For women, the menopause typically starts between the ages of 45 and 55.
It can be extremely debilitating and can cause anything from hot flushes to depression to decreased sex drive - in fact one quarter of women over 40 say their sex life is non-existent thanks to menopause.
The symptoms can last between two and five years, which means it's really important to seek out treatment if you're finding the experience unbearable.
To help you on your way, we spoke to Dr Helen Webberley from Oxford Online Pharmacy about what treatments are available. She also gave her verdict on whether hormone replacement therapy (HRT) is safe.
The end of a woman’s reproductive life is marked by a reduction in the function of the ovaries. When this finally stops, the menopause begins.
"Generally speaking, for a woman over the age of fifty, the menopause can be said to have taken place one year after the last period, or two years after the last period in the under fifties," explains Dr Webberley.
"This is the guide used when considering stopping contraception."
The period of time before the menopause starts, when the end of fertility approaches but may not yet have been reached, is known as the perimenopause.
All women will go through this stage, but their experiences and symptoms will often be different.
"Some women don't notice it and some suffer terribly," explains Dr Webberley.
Symptoms can include irregular periods, bleeding between periods, heavier or lighter periods, a gradual decline in periods or a sudden stop in periods altogether.
"The reduction in oestrogen also causes ‘vasomotor instability’ which means the tiny blood vessels don’t know whether they are coming or going and can cause temperature changes on the skin," explains Dr Webberley.
This leads to the characteristic hot flushes and night sweats, which many women come to know (and hate).
During this transition, changes in mood are very common. Women may experience mood swings, tearfulness, anxiety, depression and emotional lability, which means you cry one minute and laugh the next.
Changes in the body also happen as a result of lack of oestrogen.
Some women experience vaginal dryness, while others might suffer from atrophy, where the skin around the lips and vagina shrink. This can cause painful sex and irritation of the bladder and urethra.
The perimenopause can affect a woman's sex life dramatically and Dr Webberley says that communication with your partner is key to getting through it.
"Talk about the changes in your sex-drive, body image, moods, pain, sexual enjoyment and try and understand the changes that life throws your way with the help of your partner," she advises.
Other symptoms include thinning and dryness of the skin and hair in general, as well as changes to the bones and tendons which can lead to joint pain.
It might sound pretty horrendous all in all, but thankfully there are various treatment options to help you through it.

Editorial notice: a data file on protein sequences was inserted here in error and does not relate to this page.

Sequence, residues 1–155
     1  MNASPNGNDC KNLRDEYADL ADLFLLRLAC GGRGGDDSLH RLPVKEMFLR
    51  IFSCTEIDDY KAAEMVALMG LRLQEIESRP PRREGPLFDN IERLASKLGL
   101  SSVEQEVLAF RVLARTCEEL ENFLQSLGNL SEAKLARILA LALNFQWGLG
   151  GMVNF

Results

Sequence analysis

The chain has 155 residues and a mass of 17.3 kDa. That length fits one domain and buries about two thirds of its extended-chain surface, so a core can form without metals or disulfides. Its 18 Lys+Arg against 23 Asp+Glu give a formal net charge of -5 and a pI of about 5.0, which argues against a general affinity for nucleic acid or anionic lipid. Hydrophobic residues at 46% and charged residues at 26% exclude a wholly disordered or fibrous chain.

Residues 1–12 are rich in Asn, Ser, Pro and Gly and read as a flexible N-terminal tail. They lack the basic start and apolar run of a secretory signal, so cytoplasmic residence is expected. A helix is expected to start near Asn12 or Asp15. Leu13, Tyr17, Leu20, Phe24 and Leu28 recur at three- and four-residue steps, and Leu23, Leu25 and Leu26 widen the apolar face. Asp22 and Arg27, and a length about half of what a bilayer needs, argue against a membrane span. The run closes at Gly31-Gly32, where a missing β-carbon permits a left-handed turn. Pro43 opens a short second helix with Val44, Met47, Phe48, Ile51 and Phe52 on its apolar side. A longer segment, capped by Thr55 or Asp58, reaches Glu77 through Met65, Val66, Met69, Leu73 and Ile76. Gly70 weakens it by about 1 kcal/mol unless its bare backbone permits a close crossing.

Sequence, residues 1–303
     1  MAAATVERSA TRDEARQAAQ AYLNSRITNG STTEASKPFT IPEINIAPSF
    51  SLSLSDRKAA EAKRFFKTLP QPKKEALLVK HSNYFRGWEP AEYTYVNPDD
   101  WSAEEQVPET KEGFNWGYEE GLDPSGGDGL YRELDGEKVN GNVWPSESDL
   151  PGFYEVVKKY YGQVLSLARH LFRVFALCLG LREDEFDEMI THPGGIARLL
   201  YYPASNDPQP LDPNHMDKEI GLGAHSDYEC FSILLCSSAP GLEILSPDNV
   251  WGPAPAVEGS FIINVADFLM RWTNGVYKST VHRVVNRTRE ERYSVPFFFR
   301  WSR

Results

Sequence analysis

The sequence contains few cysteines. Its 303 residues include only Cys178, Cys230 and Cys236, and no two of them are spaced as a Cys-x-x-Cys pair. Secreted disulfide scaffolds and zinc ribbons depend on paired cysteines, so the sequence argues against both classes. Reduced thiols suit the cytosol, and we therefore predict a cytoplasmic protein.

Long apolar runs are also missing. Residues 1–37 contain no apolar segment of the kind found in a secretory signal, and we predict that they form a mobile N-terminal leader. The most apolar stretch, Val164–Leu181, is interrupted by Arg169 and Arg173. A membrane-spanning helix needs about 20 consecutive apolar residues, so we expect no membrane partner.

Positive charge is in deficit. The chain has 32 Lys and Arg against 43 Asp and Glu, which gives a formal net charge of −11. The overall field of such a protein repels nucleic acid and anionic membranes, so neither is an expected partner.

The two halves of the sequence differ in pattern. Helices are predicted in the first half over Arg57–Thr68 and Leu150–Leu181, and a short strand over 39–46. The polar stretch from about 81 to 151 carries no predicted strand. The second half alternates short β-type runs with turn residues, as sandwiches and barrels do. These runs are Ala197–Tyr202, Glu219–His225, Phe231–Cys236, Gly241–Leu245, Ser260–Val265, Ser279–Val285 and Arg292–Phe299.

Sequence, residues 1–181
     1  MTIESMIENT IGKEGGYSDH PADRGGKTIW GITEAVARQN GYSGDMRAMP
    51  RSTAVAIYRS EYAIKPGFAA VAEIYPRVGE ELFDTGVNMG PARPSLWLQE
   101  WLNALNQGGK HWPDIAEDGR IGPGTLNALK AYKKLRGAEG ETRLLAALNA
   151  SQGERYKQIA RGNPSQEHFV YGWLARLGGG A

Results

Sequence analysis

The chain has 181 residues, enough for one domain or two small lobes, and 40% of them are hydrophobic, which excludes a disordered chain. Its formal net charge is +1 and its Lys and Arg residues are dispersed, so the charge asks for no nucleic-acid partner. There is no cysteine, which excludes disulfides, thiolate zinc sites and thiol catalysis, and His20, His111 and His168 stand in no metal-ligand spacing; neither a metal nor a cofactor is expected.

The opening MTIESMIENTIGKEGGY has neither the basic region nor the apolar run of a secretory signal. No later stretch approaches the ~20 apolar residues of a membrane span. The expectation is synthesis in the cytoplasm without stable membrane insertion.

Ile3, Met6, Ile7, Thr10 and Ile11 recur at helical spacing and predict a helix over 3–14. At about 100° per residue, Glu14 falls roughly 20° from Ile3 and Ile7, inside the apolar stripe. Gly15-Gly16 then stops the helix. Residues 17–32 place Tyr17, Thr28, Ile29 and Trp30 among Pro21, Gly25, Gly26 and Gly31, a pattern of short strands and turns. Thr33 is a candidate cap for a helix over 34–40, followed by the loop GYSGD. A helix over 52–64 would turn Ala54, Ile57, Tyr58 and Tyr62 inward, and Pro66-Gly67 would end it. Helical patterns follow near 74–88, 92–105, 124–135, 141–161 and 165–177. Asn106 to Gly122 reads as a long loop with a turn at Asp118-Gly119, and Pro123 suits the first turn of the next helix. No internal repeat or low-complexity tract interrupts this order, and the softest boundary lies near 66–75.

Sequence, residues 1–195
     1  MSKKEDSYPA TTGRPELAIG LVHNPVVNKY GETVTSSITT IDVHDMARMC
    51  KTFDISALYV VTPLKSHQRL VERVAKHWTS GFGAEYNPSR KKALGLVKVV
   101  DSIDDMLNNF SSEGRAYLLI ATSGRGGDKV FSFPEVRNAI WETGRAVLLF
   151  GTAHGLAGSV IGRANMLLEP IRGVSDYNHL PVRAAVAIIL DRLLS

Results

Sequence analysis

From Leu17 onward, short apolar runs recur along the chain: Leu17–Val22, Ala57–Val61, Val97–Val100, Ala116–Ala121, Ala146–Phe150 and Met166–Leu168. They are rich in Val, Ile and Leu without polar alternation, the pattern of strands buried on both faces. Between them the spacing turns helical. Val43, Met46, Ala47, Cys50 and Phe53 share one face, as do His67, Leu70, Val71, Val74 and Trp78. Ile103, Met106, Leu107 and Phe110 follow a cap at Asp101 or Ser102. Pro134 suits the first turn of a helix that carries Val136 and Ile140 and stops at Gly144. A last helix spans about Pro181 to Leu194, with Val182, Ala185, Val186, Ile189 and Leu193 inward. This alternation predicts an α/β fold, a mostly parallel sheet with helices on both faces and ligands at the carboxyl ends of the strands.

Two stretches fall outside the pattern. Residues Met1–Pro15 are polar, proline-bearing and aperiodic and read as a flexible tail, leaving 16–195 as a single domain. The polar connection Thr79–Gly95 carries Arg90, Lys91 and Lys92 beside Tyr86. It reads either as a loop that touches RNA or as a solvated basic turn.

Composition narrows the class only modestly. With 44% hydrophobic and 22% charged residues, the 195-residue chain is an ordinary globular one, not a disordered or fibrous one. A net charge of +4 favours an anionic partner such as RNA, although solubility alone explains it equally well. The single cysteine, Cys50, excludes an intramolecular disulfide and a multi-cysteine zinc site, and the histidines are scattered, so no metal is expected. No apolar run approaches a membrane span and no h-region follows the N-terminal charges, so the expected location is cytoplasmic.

Hormone replacement therapy (or HRT) became the subject of debate for many years after a study suggested there was a strong link between HRT and the development of breast cancer.
The treatment works by replacing oestrogen and other hormones which have been reduced in the body. These hormones help prevent premature ageing of bones, the cardiovascular system and skin.
"The current advice is very clear," says Dr Webberley. "If the benefits outweigh the risks then women who want to have HRT should have it."
New guidance issued at the end of 2015 suggested that more than one million women could benefit from the treatment.
The National Institute for Health and Care Excellence (NICE) advised doctors to consider offering HRT to more women because it can be extremely effective for symptoms including hot flushes, mood swings and depression.
Women are advised to hold out for HRT until they reach 50 years old. There are some known risks surrounding the treatment, including an increased risk of breast cancer and blood clots in the venous system, however that's not to say it should be ruled out because of it.
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"No woman should be denied HRT just because of her age or risk profile," says Dr Webberley. "It should be a fully consenting decision between the woman and her doctor."
To cope with hot flushes and night sweats, women should: wear light clothing, keep their bedroom cool at night, take a cool shower or have a cold drink, avoid potential triggers (like spicy food, caffeine, smoking and alcohol), and do regular exercise.
If the flushes and sweats are frequent or severe, it might be worth asking your GP about HRT.
To cope with fluctuations in mood you should get plenty of rest, exercise regularly and do relaxing activities such as yoga or tai chi, the NHS suggests.
Medication and other treatments are also available, including cognitive behavioural therapy (CBT), a type of talking therapy that can improve low mood and feelings of anxiety.
Finally, if you're experiencing vaginal dryness your GP can prescribe an oestrogen treatment, often available as a pessary, cream or vaginal ring.
Over-the-counter vaginal moisturisers or lubricants may also help.